8.) Hit a meeting on the days you normally wouldn’t.
Many of us disregard meetings around the holidays because we think the doors will be closed for the few days we normally spend at home. Wrong! Around this time of the year there are even MORE meetings than there normally would be just because of the stress even normal people incur without the added pressure of temptation. Find one in your community using Google or a meeting list. The Vancouver Recovery Club, for example, has 24 hour meetings on the holidays.
9.) Write a plan out.
If you are going away or even just staying at home, write out a plan of exactly what you’re doing on the days you’re spending in a higher-than-normal-risk environment. Schedule your meetings, your destinations, and if you have to, keep it hour-to-hour in regards to what you’ll be doing to lower any amount of surprises that can throw us off emotionally or mentally. Addicts hate change, so create a plan and stick to it.
10.) Let people know where you are.
Everyone in recovery has an idea, generally, as to what other people in recovery are up to because we live our lives in transparency. Why should the holidays be any different? Let someone like your sponsor or close friends know where you’re going, what time you’ll be back, and keep them updated while you’re away from them. Texts, phone calls, or Snapchats are a good way to quickly correspond with your support group.
11.) If you don’t have any holiday plans, make some.
The majority of North Americans in our communities do something special during the holiday season. If you have no plans because of distance from family or friends, spend it with someone who can include you in theirs. There are ALWAYS people inviting others to come over for dinner, for the day, or even overnight to spend the holidays with their family members. Two is better than one, and five is better than four. The last thing you want to do is spend your holiday season alone as this is a recipe for self-sabotaging your own recovery. Don’t feel like spending it with someone else’s family? Volunteer. Find a local charity or institution and get involved.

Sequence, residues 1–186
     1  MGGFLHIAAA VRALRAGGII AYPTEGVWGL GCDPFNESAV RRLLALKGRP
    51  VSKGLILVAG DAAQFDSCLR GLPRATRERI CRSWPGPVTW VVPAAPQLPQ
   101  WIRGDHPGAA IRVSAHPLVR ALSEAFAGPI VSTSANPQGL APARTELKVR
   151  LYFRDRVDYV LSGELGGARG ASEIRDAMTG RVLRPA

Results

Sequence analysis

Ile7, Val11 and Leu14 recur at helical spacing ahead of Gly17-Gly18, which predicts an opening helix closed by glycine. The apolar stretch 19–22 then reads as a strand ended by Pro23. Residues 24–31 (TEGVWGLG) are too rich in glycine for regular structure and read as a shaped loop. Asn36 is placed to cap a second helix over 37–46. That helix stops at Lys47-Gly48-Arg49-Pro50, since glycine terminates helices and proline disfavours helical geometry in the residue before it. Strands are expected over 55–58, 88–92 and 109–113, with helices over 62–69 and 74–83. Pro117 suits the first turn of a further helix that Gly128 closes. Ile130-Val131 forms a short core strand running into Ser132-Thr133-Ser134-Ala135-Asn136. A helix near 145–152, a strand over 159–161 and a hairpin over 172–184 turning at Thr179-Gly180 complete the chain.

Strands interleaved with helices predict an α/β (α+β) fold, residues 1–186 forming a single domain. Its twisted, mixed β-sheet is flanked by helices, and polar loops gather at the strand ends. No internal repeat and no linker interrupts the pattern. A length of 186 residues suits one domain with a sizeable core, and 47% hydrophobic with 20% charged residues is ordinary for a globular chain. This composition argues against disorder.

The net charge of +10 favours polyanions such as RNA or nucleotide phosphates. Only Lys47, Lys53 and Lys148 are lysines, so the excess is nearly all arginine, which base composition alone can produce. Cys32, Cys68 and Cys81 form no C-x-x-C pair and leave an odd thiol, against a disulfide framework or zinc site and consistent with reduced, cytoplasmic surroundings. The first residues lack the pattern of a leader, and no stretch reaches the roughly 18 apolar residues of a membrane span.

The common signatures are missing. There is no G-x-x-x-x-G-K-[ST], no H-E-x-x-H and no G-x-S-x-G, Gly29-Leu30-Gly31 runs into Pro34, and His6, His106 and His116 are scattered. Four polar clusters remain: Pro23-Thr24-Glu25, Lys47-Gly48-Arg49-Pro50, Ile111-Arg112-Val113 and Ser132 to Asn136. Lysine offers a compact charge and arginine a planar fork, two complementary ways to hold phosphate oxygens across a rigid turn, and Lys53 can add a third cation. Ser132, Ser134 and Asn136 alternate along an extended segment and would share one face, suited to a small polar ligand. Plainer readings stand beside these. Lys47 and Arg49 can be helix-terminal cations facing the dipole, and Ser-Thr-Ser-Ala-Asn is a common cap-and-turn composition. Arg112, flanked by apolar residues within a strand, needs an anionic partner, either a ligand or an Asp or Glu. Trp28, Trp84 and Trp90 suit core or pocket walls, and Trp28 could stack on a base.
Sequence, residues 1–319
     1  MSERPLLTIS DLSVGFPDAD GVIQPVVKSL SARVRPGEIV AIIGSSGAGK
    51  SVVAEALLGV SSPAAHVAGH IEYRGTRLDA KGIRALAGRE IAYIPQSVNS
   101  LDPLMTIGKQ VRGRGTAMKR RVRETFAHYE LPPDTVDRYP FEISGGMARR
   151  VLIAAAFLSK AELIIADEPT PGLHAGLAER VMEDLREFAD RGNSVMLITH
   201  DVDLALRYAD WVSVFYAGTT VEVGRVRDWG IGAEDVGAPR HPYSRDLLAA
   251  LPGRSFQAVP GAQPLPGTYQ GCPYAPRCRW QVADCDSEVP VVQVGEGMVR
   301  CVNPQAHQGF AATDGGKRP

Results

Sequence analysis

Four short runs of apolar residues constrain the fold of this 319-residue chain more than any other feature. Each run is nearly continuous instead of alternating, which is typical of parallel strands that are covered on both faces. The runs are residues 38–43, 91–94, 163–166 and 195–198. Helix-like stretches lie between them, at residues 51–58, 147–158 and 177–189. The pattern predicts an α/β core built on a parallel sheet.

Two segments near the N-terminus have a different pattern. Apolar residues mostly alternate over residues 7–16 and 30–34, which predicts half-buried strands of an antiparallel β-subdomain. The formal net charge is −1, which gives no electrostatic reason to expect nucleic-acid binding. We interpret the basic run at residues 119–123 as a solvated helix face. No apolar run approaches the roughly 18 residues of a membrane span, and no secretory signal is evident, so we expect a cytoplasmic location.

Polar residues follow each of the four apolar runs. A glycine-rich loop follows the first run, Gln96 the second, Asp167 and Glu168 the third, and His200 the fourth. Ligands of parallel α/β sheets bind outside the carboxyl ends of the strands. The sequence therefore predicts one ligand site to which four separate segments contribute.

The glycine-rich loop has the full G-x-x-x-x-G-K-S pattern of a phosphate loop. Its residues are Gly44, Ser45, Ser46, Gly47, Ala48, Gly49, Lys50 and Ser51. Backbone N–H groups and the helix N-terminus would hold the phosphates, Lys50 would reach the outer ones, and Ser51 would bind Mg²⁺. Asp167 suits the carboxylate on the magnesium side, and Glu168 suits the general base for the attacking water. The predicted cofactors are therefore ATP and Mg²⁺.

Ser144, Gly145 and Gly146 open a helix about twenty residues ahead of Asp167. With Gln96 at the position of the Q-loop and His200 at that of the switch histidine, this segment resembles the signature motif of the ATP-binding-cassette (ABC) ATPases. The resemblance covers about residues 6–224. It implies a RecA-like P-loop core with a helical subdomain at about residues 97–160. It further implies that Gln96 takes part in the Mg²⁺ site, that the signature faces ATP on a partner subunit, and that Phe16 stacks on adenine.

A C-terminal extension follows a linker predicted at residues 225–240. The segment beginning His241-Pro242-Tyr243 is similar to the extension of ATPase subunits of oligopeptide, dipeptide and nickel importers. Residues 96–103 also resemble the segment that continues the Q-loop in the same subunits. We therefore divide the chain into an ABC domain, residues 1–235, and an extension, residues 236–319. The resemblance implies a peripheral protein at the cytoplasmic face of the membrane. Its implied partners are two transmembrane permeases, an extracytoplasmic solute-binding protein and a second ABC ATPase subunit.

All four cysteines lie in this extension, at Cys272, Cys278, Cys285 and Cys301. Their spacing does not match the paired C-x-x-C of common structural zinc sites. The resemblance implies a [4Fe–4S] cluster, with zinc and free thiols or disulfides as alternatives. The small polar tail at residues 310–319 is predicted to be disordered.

12.) Most importantly after all is said and done, enjoy yourself!
The holiday season is typically a time where people want to enjoy themselves. Have fun when you’re with your family. If an environment is negative and people are in negative moods, be the change in that room that you weren’t before in your addiction. Take pride in the fact that you are somewhere you may or may not have been before, but mostly because you’re somewhere inherently crucial to your own recovery right now – with people who care about you and love you. Unconditional optimism costs nothing. Enjoy yourself this holiday season and take care of those around you!
From all of us at Together We Can, we wish you a sober, safe, and happy holidays with friends, family, and loved ones!
Yoga, acupuncture, and our mindfulness and meditation program offered by our counsellor Jarred Blancard encompass what it means to be balanced at Together We Can. Recovery depends on being mindful of oneself and the environment they live in.
“A combination of contemporary and ancient meditation styles teaching the client relaxation and personal insight techniques. Effective aids to recovery and life in general. The ultimate objective being a type of engaged meditation that is not relegated to the meditation hall.”